These Evangelical right wing wackos are so scary to secular people. Michelle Bachmann reminds me of the Horror of Karen Black except for Karen Black is so much cooler!

    August 14, 2011 at 8:36 am |
  6. Robyne


    August 14, 2011 at 8:36 am |
  7. jesus's friend

    Christianity and the GOP are at odds. you can not be one and the other. if you actually read the bible you would know that.
    Jesus lived a communal life whit his group. what one had, all had. it opposes current GOP group think. Jesus. the first socialist. oh yeah, he said to blame the rich first....they have power in high places. oppose these people at all cost.

    August 14, 2011 at 8:36 am |
    • lefty avenger

      I couldn't agree with you more. Yes Jesus was one of the first communal left wing socialist jewish hippies. Jesus thought that all people should have equal rights and be treated fairly. The republicans don't know Jesus, they only know I got mine and no one else should have it. The Republicans worship Oil barons, weapon's manufacturers and wall street bankers. The worst of the lot.

      August 14, 2011 at 8:39 am |
  8. *Insert witty name here*

    Is it too much to ask for an Atheist President? One that would not base their judgements on what God would do?

    August 14, 2011 at 8:35 am |
    • jesus's friend

      as a christian, i welcome this idea, at least both of our curiosities would be satisfied. you say your way is better and we will just start a crusade when we are wrong. LOL but at least we would both have had our group think run things. but you will find as long as the congress is bought and paid for, nothing will change. the system is corrupted. lobbyist have ruined our capitalism.

      August 14, 2011 at 8:44 am |

    Sounds to me the way I read this article the girl was indoctrinated at a young age. Unable to make up her own mind, instead her parents decided for her what her beliefs would be in life. They didn't just guide her they sent her to "camps". How sad for children who are brainwashed by their own parents into believing in such nonsense that it will screw up their entire adult life. Very sad.

    August 14, 2011 at 8:35 am |
    • Fred1

      It screws up your whole life even if you manage to escape ( just not as much)

      August 14, 2011 at 7:01 pm |
  10. cookie

    And you call yourself a Christian? What you grew up in was some sort of sick home....I have never heard of Schaffer and Noebel????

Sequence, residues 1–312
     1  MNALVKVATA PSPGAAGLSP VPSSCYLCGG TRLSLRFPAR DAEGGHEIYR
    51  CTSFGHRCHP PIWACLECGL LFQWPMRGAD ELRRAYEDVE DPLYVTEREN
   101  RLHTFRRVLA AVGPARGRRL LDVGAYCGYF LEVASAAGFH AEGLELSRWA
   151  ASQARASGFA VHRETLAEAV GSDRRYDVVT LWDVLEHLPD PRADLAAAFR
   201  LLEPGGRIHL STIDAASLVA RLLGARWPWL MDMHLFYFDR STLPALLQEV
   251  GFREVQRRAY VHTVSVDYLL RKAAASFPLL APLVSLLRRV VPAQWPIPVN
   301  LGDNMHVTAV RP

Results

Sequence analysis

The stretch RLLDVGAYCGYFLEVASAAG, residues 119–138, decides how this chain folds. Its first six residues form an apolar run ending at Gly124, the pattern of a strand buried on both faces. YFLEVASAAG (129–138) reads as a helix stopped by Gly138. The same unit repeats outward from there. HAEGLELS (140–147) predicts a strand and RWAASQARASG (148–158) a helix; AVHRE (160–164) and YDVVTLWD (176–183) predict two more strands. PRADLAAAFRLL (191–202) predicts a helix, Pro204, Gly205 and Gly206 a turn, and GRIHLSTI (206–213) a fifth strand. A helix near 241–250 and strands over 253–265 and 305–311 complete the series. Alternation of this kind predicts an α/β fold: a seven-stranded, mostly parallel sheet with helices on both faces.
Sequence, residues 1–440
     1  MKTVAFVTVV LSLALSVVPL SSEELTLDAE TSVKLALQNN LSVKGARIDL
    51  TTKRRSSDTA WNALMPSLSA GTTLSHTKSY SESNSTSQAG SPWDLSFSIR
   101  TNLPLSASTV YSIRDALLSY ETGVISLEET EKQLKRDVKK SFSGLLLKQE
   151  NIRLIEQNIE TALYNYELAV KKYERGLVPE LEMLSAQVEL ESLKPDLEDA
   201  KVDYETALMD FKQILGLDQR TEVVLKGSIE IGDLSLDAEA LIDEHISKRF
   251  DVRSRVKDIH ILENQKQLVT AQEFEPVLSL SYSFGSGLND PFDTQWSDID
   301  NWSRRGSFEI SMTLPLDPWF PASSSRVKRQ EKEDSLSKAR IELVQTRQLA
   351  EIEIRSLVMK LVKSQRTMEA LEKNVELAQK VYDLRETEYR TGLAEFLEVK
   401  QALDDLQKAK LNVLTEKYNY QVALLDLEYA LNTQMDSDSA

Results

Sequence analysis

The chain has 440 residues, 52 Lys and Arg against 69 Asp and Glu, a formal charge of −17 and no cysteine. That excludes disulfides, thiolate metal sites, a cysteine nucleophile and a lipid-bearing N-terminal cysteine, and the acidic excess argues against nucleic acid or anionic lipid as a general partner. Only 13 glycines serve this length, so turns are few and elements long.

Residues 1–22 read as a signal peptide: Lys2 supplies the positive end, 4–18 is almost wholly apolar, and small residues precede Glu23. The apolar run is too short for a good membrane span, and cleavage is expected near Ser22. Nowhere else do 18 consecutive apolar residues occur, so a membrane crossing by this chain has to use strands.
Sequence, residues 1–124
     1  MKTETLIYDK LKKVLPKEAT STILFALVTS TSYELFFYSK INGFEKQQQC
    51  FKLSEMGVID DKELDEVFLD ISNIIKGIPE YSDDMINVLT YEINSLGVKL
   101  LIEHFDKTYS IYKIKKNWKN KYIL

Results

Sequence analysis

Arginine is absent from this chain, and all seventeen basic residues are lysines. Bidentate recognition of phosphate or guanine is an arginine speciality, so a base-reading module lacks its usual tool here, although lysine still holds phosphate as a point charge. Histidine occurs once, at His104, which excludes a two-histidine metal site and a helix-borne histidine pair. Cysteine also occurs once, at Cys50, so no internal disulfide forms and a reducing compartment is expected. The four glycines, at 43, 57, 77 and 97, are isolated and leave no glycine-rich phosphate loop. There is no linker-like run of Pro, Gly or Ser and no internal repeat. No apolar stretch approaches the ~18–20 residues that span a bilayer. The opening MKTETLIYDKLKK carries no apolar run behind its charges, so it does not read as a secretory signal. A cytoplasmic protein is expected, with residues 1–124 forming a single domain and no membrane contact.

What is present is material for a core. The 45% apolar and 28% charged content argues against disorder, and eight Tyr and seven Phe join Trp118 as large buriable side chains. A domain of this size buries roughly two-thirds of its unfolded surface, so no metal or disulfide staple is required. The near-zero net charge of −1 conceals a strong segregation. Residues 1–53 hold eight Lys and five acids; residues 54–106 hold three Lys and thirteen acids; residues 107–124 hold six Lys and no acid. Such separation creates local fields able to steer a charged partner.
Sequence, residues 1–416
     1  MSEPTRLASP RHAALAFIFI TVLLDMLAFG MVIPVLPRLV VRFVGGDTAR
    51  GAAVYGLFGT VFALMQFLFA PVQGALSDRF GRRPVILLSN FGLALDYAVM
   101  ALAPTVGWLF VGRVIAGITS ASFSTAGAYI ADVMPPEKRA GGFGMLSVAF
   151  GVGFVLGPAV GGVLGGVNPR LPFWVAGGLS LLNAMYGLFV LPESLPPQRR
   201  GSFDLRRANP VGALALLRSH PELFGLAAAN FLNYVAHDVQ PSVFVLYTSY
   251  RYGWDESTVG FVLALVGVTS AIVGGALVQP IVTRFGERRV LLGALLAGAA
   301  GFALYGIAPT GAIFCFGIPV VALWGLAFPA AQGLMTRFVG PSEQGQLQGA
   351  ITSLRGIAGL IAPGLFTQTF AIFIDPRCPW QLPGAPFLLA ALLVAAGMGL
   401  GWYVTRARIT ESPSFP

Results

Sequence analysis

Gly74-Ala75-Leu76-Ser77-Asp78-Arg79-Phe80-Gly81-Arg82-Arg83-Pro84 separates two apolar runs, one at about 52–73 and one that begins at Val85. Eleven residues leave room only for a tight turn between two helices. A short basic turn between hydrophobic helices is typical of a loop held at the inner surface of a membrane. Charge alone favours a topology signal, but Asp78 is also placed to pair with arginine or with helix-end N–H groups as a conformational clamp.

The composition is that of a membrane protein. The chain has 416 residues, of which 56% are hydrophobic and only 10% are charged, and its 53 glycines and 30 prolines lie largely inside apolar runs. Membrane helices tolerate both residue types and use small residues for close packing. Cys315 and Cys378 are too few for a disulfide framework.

This article is so obviously Christian bashing..if you meant to lie ,manipulate,and paint the Christian religion as fanatical and unloving...BRAVO!!!

    August 14, 2011 at 8:35 am |
    • SNAPPA

      It is what it is!

      August 14, 2011 at 8:36 am |
    • Jon

      You need to drop the emotion, calm down, and read this article with a little thought applied.

      August 14, 2011 at 8:47 am |
    • cookie

      Jon, aare you now implying that I must be stupid because I am a Christian?? LOL....not angry..just amazed that people actually believe the crap people print.

      August 14, 2011 at 8:52 am |
    • Motley

      You don't have to believe it, just visit the Bible belt for a few days and realize it's the cold hard fact. Jesus was a socialist and you probably wouldn't be anywhere near his friend if such a character actually existed. Leave your folklore and demons out of politics. Church & state need to be separated so much that the sight of a church from the white house should be impossible.

      August 14, 2011 at 9:03 am |
    • tallulah13

      So if her experience is different than yours, she must be a liar? Are you so completely closed-minded?

      August 14, 2011 at 7:07 pm |
  11. Greg Gilbert

    Every time I hear Bachman she is talking about fiscal policies, but nearly every time I hear CNN they are talking about her religion. As an atheist I recognize the left uses religion to try to scare off voters. There really is little difference between Dem & Repub on religion.

    August 14, 2011 at 8:34 am |
    • John

      You need to get out more. Bachman talks about her religion all the time.

      August 14, 2011 at 8:39 am |
    • Greg Gilbert

      John: If you attended and watch any politician give a speech to get elected everyone of them will bring up God at some point.

      August 14, 2011 at 8:43 am |
  12. CinJax

    Excellent article! Reminds me of Anna Quindlen's "At the Left Hand of God" which was also excellent.

    August 14, 2011 at 8:33 am |
  13. Liberal Conservative

    I reallly appreciate the article. I have referred to myself as a liberal conservative for quite a while now. It is the idea that my values (not politics) are conservative by the standards of many. I am a Bible believing Christian. But because I care about the poor, the ophans, the disenfranchised, the widow, the foreigner, and the less fortunate, I am often considered liberal. I am concerned about others and I realize that it isn't just about me. I appreciate this article because it strikes a balance between personal values and what is good for others. It's not about making people behave just like me. It's not about being tolerant it is about being confident in my own world and my own beliefs that I don't feel like I have to beat people over the head with a 20lb. Bible. I find that it is about having peace in spite of the travails that we face not because we do not face them. The conservative political view does not hold absolute sway over those with Christian ideas and values. I really think this article strikes a balance that I don't often see.